Recognizing that inequity, Harlem-based chef JJ Johnson sought out to help his community maximize its health during the pandemic — one grain at a time.

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"It was very important for me to show the world that places like Harlem want access to more health-conscious foods," Johnson said. "The people who live in Harlem should have the option to eat fresh, locally farmed and delicious food that other communities have access to."

Lack of education and access to those healthy food options is a primary driver of why 31% of adults in Harlem are struggling with obesity — the highest rate of any neighborhood in New York City and 7% higher than the average adult obesity rate across the five boroughs.

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Sometimes a politician says or does something so brazenly gross that you have to do a double take to make sure it really happened. Take, for instance, this tweet from Lauren Witzke, a GOP candidate for the U.S. Senate from Delaware. Witzke defeated the party's endorsed candidate to win the primary, has been photographed in a QAnon t-shirt, supports the conspiracy theory that 9/11 was a U.S. government inside operation, and has called herself a flat earther.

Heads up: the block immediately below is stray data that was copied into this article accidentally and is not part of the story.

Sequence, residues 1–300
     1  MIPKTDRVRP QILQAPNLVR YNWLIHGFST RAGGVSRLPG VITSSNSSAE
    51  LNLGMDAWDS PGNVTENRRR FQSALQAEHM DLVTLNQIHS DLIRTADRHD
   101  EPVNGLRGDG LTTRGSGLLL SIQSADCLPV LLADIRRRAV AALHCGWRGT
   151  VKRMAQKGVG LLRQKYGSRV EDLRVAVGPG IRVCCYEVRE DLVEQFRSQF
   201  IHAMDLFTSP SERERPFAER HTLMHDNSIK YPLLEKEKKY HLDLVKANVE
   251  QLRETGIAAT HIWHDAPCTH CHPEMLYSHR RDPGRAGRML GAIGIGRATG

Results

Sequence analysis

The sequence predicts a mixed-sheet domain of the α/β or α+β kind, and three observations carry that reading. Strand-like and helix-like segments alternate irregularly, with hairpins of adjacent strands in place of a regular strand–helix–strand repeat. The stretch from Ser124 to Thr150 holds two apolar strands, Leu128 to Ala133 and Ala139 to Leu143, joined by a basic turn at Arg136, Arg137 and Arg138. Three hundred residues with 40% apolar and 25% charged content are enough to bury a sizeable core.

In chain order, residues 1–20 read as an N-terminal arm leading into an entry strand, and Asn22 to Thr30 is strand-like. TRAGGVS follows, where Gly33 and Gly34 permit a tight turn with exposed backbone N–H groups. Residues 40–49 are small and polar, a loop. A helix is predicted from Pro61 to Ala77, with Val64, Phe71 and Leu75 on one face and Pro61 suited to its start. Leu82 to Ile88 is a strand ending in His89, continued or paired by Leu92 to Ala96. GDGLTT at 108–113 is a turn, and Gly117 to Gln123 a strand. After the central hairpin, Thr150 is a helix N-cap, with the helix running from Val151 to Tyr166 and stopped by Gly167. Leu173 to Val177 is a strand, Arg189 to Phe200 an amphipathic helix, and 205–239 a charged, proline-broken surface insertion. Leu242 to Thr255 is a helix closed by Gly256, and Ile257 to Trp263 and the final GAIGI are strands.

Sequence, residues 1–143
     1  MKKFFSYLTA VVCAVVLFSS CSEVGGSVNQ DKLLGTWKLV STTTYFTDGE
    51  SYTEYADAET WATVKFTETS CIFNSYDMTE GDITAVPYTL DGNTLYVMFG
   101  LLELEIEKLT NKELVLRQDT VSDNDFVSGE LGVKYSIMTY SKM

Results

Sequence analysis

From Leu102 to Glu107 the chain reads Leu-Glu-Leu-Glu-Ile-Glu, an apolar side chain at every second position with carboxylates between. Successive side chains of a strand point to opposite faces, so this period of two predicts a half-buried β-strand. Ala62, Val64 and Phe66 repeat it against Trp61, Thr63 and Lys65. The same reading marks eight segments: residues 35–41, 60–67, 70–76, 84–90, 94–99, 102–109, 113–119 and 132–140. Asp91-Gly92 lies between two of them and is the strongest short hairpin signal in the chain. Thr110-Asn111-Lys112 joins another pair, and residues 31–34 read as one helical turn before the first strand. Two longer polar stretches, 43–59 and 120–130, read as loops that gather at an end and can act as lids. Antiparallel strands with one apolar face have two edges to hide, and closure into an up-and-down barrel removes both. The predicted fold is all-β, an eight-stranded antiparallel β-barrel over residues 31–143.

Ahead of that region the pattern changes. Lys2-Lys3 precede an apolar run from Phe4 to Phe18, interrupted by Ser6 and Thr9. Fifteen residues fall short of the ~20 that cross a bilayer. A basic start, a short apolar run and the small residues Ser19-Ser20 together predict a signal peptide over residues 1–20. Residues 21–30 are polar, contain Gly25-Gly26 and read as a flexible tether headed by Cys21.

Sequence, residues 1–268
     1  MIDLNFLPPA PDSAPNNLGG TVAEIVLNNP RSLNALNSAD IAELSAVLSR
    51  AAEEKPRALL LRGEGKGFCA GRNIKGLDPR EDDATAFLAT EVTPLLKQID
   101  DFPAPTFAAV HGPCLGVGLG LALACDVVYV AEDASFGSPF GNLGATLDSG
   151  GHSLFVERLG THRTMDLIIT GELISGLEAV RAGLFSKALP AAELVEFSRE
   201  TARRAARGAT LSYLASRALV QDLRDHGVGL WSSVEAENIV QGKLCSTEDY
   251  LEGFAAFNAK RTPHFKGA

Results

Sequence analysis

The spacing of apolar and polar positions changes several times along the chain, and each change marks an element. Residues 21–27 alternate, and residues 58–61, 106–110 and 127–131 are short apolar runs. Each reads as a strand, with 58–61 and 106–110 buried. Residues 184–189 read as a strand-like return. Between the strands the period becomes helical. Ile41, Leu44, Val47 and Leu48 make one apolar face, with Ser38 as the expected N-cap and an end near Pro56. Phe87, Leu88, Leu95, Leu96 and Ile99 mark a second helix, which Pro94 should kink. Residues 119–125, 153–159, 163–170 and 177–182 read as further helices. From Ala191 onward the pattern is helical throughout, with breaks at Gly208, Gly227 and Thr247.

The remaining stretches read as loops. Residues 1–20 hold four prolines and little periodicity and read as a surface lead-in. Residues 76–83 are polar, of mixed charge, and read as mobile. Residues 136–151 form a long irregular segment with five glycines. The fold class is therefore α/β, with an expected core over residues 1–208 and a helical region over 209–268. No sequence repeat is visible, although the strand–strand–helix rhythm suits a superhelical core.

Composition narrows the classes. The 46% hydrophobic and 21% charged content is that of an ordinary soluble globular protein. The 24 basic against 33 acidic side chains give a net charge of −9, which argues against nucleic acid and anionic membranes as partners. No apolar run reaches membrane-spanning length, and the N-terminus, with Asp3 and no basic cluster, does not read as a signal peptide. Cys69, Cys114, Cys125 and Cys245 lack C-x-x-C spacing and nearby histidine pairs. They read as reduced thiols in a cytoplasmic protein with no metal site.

So that's neat.

Witzke has also proposed a 10-year total halt on immigration to the U.S., which is absurd on its face, but makes sense when you see what she believes about immigrants. In a tweet this week, Witzke wrote, "Most third-world migrants can not assimilate into civil societies. Prove me wrong."

First, let's talk about how "civil societies" and developing nations are not different things, and to imply that they are is racist, xenophobic, and wrong. Not to mention, it has never been a thing to refer people using terms like "third-world." That's a somewhat outdated term for developing nations, and it was never an adjective to describe people from those nations even when it was in use.

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via WatchMojo / YouTube